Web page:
Worse, the system results in too many people holding their noses while they vote for a person or a party they don’t necessarily like, because it is better than the alternative. This, more than anything else, is the reason so few people bother to vote anymore: there is increasingly little to vote for. In our hyper-cynical age, more people will show up to vote against something than will to vote for something. Parties leverage this cynicism and stoke it through negative advertising. (This is why I predict, even without the NDP investing in negative advertising, Premier McSparkles is her own negative ad, and there will be an increased turnout this Provincial election over the previous one).
So what is the alternative? Independents?
I would love to see a system where we only have independents – where the entire Party system and its funding mechanisms are abolished. Follow me for a bit here.
At election, we send 308 independent local representatives to Ottawa to sit in the House of Commons. Yes, many candidates will align on topics and form defacto parties around certain issues, but without the whip system and without the centralized funding mechanism, there will be no reason for an MP to not vote freely on a different issue. In the inevitable horse trading of votes in the House, the representative will only have to answer to their constituents. Not to a party, not to a leader, and certainly not to a mid-level political hack called a “whip”. The only thing that will influence their re-election chances is how well their community feels they were represented.
Many people smarter than me have mentioned how effective Elizabeth May is as an MP. There are several reasons for this: she is a student Parliamentary Democracy; she is damn smart; she works her ass off; and she is a true believer in Democracy as a Principle, and as a way to solve problems. However, much of her power is also a result of her unique position of being effectvely an independent who can still use the mechanisms built up to support the Party System.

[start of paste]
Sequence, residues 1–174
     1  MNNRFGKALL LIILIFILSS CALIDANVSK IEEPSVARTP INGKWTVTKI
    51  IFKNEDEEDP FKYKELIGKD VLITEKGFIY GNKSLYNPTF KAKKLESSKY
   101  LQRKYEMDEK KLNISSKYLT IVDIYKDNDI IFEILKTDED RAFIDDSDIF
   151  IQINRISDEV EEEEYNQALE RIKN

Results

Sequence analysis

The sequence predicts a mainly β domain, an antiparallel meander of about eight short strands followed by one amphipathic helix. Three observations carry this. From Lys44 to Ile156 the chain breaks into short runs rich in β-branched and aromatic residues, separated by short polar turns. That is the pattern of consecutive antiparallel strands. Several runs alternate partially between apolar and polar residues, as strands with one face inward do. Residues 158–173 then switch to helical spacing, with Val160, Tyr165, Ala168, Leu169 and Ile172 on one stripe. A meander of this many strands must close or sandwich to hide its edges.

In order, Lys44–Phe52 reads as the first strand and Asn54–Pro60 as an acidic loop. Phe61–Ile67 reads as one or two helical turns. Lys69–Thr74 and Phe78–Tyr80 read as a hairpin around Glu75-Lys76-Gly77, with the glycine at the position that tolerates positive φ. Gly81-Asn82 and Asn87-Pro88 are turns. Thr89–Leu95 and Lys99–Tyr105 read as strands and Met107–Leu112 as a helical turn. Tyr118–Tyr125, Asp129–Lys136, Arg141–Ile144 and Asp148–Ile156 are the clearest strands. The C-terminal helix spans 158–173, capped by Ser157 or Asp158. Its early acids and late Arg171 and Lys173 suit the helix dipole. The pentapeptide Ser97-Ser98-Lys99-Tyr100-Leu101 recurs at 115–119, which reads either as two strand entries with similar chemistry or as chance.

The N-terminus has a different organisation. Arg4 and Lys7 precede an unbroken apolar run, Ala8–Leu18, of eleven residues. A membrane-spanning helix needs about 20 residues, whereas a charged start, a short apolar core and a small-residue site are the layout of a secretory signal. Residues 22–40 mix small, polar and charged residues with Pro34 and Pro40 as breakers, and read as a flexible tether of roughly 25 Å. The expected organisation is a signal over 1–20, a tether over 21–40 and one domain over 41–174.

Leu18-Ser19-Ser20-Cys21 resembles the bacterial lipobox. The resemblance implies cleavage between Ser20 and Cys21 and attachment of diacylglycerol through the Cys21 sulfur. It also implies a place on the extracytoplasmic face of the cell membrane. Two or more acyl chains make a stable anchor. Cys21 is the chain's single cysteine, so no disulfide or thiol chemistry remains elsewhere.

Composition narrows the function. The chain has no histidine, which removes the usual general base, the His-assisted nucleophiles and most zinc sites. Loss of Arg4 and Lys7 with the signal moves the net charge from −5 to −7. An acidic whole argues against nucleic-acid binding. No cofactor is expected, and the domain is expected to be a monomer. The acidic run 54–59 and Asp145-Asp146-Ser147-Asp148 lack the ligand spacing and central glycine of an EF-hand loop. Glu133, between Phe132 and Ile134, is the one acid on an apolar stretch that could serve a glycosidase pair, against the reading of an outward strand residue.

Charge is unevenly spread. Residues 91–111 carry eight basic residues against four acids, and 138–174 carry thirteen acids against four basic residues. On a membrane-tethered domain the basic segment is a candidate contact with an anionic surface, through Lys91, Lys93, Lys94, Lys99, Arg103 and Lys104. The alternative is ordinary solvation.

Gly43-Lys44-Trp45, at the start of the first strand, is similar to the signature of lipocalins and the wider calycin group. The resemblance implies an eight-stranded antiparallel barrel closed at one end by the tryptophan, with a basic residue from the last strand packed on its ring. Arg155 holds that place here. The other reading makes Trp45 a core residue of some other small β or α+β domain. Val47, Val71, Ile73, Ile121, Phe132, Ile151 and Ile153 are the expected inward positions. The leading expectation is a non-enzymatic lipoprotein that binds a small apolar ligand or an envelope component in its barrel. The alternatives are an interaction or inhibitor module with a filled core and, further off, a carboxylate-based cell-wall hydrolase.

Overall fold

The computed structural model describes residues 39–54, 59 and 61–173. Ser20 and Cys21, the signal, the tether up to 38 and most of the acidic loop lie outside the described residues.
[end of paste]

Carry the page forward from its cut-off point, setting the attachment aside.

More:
So how to we break down the Party systems that separate us from representative democracy? We make Parties and their economic models illegal. At election time, everyone runs as an Independent, with only local funding and organization. When 308 independents are sent to Ottawa, their first job would be to select a Prime Minister, a deputy PM, and a Speaker. Those three then create a caucus, drawn from the MPs in the House and (this is not as shocking as you might think) unelected experts in various fields. Only elected MPs get a vote in the house, but every vote is a free vote, and the majority of the house can lose confidence in the Government Caucus only with a majority vote on a confidence motion.
Oh, there are problems with this idea. Some suggest lobbying and influence peddling would likely be more attractive, so strict controls would need to be introduced. However, with the current system in Ottawa, one needs only to lobby the PMO, and they will bring along 160 votes. A party-less system would make lobbying individual members a more daunting task, and can hardly make the lobbying situation worse than it is is today.
We would also have to do something about the current Parliamentary Retirement Castle and Party Fundraising Department we call the Senate. but that’s another blog post.
So I have a soft spot for independents. I am an engaged local voter, and like the idea that the person we send to Ottawa or Victoria represents our community there. I even agree with the premise that more Independents make for more effective governance.
Would I vote for an Independent for New Westminster in this upcoming Provincial election? Yes. Keeping in mind that that a candidate’s lack of Party affiliation is no more proof of their capability than their affiliation is. If that Independent was to convince me that they could effectively represent New Westminster, and would work their ass off to assure we are represented, them I could vote for them. But it is a tough job to be that effective in our current system – I’m not sure there are too many Elisabeth Mays to go around.
At this point, I am still a local candidate voter, regardless of whether they represent a Party or are independent. Either way, it should be a good election, as we have strongly motivated candidates.